Latest Sexual Abuse Scandal in the Catholic Church Pits U.S. Bishops Against the Vatican

The Roman Catholic Church in the United States is reeling after the Vatican last week abruptly directed its bishops to postpone plans to increase accountability in the clergy sex abuse crisis. A chorus of Catholic critics is calling the move another cover-up of abuse by the Catholic hierarchy.

The U.S. Conference of Catholic Bishops was set to vote on two measures—one on a code of conduct for bishops and another on a lay-led special commission to review complaints against them—during last week’s annual assembly in Baltimore. But during the meeting’s opening few minutes, the conference president, Cardinal Daniel DiNardo, told the bishops he had received an order from the Vatican the night before to suspend the vote.

“The Holy See has asked that we delay voting on these so that our deliberations can inform and be informed by the global meeting of the conference presidents that the Holy Father has called for February 2019,” DiNardo told the gathering. Earlier this year, Pope Francis summoned the presidents of all the bishops’ conferences around the world to the upcoming summit on sex abuse.

Accusations of abuse and cover-up have rocked the U.S. Catholic Church all year long. In July, Francis accepted the resignation of Cardinal Theodore McCarrick, the former archbishop of Washington, D.C., over credible allegations he groped a teenage boy in the 1970s. Soon after the pope ordered McCarrick to “a life of prayer and penance,” several former seminarians and priests said McCarrick had abused or molested them.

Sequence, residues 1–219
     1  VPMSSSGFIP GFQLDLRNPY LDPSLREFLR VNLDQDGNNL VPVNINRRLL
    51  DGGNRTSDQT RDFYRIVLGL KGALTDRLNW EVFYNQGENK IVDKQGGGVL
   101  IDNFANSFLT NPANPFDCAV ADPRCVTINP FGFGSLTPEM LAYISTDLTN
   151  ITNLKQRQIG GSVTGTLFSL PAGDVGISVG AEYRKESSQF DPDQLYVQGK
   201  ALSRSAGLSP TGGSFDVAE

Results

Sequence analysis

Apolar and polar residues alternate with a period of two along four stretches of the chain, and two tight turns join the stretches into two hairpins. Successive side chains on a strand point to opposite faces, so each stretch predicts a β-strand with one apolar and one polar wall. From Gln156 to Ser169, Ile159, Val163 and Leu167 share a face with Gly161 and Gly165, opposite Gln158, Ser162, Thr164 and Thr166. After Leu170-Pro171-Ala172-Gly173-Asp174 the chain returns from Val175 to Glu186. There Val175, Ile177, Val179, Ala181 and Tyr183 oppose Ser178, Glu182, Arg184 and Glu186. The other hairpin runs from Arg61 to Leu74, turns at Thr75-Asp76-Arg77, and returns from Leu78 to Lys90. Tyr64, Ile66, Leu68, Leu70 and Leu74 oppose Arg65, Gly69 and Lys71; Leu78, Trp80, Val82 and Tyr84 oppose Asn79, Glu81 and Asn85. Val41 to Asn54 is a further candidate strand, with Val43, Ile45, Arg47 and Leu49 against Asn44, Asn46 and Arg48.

In August, a grand jury in Pennsylvania released a report from six dioceses showing 300 “predator priests” raped and molested more than 1,000 children over seven decades. The report also revealed a coordinated cover-up of the abuse by church officials, who repeatedly reassigned accused priests to new parishes. In response, the U.S. Department of Justice opened an investigation of child sexual abuse by Roman Catholic priests in the state, the first such probe ever launched.

“We are not ourselves happy about this,” DiNardo told reporters about the delayed vote. “We are working very hard to move to action, and we’ll do it. … I think people in the church have a right to be skeptical. I think they also have a right to be hopeful.”

But American Catholics seem more fed up than hopeful.

“Your response to this crisis has been incomplete,” Francesco Cesareo, chairman of the national review board that monitors the church’s efforts to prevent clergy sex abuse, told the gathered bishops.

Some bishops agreed and resented the Vatican’s interference. “We are not branch managers of the Vatican,” said Bishop Thomas Paprocki of Springfield, Ill. “Our people are crying out for some action.”

Vatican supporters say the delay will ensure the U.S. bishops avoid canonical mistakes. But George Weigel, a distinguished senior fellow at the Ethics and Public Policy Center, didn’t accept that reasoning. He wrote for First Things that on a recent five-week trip to Rome he found “an anti-American atmosphere worse than anything I’d experienced in 30 years of work in and around the Vatican.”

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SOURCE: WORLD Magazine, Kiley Crossland